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The European Union is set to issue new sanctions against Russia tomorrow. Initially, the sanctions were set to come out on Tuesday, however, they were delayed as officials within the EU had "sharp disagreements on how to react to a ceasefire in Ukraine."

This newest round of sanctions will target oil and defense companies. While sanctions have not previously targeted oil, these sanctions are not all that final — if the ceasefire holds in Eastern Ukraine, European Union Council President Herman Van Rompuy has told Agence France-Presse he will move to roll them back. In usual fashion, the sanctions also freeze the assets and ban travel for 24 individuals, specifically powerful Russian citizens and pro-Russian separatists in the Donbass region of Ukraine.

Of particular note is the EU's move to strike into the heart, and pockets, of the Kremlin: these new sanctions target oil. While it does not bar EU nations from participating in the oil trade with Russia, they do prevent European banks from issuing financing to Russian oil and defense firms. This means Russia will have to turn elsewhere to finance these two incredibly profitable sectors. This move comes shortly after Rosneft, Russia's biggest and baddest oil company, requested a loan of over $40 billion from the Kremlin, due to their rising debt.

Additionally, these sanctions will affect deep sea drilling, Arctic oil exploration, and Arctic oil production. One of the most well-known Arctic deals is between Rosneft and ExxonMobil. In the event the U.S. adopts this specific sanction, this will affect a deal that is potentially worth $900 billion. ExxonMobil spokesperson Alan Jeffers told The Wire, "We are assessing the sanctions. It is our policy to follow all laws." Rosneft has not replied to request for comment.

The White House offered this statement:

Today, we join the European Union in announcing that we will intensify our coordinated sanctions on Russia in response to its illegal actions in Ukraine.  I have said from the very beginning of this crisis that we want to see a negotiated political solution that respects Ukraine’s sovereignty and territorial integrity.  Together with G-7 and European partners and our other Allies, we have made clear that we are prepared to impose mounting costs on Russia.  We are implementing these new measures in light of Russia’s actions to further destabilize Ukraine over the last month, including through the presence of heavily armed Russian forces in eastern Ukraine. We are watching closely developments since the announcement of the ceasefire and agreement in Minsk, but we have yet to see conclusive evidence that Russia has ceased its efforts to destabilize Ukraine.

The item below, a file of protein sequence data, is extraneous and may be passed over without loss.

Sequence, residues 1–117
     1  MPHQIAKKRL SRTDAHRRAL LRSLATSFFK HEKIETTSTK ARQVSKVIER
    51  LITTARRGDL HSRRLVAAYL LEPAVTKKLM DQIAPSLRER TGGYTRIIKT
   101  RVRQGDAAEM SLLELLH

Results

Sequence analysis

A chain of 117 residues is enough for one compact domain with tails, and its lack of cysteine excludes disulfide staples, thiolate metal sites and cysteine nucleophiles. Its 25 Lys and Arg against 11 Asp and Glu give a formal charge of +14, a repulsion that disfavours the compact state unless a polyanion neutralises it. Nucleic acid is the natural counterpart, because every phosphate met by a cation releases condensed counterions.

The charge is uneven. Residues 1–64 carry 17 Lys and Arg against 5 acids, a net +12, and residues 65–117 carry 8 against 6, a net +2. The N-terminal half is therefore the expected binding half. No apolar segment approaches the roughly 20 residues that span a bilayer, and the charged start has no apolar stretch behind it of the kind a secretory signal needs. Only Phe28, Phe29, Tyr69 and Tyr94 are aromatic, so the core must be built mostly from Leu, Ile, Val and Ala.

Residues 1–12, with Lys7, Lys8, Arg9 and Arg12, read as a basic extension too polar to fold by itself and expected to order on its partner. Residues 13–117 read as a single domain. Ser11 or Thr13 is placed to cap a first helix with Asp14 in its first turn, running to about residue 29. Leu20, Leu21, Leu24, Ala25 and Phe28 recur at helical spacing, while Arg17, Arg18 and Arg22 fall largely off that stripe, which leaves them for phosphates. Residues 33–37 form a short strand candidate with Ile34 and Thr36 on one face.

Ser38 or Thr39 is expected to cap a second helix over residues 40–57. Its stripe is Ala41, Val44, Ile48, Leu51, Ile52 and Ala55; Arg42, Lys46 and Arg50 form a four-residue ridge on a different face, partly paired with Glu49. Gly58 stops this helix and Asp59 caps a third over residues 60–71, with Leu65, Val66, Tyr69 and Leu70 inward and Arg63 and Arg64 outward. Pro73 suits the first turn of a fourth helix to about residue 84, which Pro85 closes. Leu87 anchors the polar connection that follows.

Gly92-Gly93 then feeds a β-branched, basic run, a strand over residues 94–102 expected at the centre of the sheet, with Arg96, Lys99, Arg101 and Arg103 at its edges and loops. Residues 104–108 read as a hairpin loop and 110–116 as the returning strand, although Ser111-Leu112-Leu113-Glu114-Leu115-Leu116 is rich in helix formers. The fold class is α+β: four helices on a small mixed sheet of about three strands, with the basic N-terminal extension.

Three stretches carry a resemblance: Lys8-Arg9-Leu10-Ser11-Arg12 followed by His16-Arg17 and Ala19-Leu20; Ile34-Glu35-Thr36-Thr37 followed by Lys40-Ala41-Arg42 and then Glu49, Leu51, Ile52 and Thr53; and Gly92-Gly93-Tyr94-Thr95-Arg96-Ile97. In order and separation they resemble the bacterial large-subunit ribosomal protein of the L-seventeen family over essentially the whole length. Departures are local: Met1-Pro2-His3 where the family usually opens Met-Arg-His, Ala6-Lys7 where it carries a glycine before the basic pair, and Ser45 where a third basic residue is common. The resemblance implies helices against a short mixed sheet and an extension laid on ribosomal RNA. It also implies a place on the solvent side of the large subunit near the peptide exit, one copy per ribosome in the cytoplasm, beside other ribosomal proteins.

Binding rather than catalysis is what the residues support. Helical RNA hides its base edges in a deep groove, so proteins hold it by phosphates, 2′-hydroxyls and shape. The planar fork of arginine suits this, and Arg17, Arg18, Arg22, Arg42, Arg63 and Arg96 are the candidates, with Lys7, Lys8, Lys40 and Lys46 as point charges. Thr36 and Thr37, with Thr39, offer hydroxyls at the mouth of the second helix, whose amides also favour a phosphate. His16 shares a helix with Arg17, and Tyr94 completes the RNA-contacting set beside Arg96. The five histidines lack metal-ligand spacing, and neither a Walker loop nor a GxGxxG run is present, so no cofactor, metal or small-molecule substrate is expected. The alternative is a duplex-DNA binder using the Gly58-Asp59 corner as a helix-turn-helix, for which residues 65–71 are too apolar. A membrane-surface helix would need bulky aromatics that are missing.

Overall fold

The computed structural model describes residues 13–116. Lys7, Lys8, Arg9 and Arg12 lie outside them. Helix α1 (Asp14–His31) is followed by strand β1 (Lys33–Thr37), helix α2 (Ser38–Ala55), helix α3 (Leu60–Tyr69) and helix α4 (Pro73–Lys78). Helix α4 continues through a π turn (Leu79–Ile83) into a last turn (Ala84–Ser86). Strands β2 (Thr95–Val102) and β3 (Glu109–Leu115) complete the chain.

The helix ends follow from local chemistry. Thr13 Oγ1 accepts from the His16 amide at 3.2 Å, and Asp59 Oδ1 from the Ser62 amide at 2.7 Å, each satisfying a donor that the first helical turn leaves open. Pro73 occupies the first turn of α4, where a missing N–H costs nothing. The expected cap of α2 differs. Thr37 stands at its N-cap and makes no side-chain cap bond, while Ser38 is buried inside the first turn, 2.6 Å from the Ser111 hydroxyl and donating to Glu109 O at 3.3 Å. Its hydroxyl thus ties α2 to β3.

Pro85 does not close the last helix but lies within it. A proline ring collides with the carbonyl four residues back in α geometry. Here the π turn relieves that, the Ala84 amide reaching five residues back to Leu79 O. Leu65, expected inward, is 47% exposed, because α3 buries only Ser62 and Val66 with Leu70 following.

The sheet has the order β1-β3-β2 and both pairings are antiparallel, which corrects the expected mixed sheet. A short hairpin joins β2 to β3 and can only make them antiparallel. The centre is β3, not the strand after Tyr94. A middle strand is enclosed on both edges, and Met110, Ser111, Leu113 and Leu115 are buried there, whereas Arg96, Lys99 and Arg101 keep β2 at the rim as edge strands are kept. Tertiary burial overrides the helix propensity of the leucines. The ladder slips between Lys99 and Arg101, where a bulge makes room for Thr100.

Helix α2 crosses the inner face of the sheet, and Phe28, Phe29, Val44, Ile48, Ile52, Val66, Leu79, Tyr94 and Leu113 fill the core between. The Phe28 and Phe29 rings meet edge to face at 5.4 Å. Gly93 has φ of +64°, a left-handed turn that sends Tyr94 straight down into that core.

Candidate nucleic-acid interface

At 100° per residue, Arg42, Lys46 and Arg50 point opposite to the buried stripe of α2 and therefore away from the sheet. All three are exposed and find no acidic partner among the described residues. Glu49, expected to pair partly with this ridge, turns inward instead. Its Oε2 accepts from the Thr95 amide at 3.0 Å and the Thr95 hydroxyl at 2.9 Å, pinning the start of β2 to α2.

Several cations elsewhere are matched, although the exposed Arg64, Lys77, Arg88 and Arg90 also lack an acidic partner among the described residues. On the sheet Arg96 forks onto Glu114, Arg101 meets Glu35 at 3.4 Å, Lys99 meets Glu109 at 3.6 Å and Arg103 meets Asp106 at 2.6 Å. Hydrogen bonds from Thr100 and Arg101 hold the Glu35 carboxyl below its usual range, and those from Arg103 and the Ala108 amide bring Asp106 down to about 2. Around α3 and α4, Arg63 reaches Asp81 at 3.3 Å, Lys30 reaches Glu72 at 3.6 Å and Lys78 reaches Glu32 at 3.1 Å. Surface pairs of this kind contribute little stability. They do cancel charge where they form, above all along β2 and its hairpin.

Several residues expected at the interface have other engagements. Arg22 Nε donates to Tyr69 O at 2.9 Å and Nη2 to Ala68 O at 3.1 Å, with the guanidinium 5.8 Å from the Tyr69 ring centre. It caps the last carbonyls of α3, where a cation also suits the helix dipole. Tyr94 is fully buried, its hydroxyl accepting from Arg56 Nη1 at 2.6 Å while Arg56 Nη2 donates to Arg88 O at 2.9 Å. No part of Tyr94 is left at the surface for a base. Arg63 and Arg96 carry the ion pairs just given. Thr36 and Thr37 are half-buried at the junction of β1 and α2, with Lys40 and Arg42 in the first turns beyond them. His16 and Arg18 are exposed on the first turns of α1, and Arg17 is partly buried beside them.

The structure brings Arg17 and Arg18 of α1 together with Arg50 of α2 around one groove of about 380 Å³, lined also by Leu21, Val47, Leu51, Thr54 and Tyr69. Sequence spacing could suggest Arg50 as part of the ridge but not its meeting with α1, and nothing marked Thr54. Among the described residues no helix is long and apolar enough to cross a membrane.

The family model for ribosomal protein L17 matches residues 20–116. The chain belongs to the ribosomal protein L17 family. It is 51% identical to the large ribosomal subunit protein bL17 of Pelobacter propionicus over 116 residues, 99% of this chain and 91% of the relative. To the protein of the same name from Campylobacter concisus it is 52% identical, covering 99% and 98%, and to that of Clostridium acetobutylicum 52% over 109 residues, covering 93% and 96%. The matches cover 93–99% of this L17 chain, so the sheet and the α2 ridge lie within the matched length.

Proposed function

We will deepen and broaden sanctions in Russia’s financial, energy, and defense sectors. These measures will increase Russia’s political isolation as well as the economic costs to Russia, especially in areas of importance to President Putin and those close to him.  My Administration will outline the specifics of these new sanctions tomorrow.

The international community continues to seek a genuine negotiated solution to the crisis in Ukraine.  I encourage President Putin to work with Ukraine and other international partners, within the context of the Minsk agreement and without setting unreasonable conditions, to reach a lasting resolution to the conflict.  As I said last week, if Russia fully implements its commitments, these sanctions can be rolled back.  If, instead, Russia continues its aggressive actions and violations of international law, the costs will continue to rise.

In retaliation, Russia is set to issue their own sanctions against the European Union. They have been threatening to prevent planes from entering their airspace for some time, so plan your trips that require flight over Russia accordingly.

This article is from the archive of our partner The Wire.

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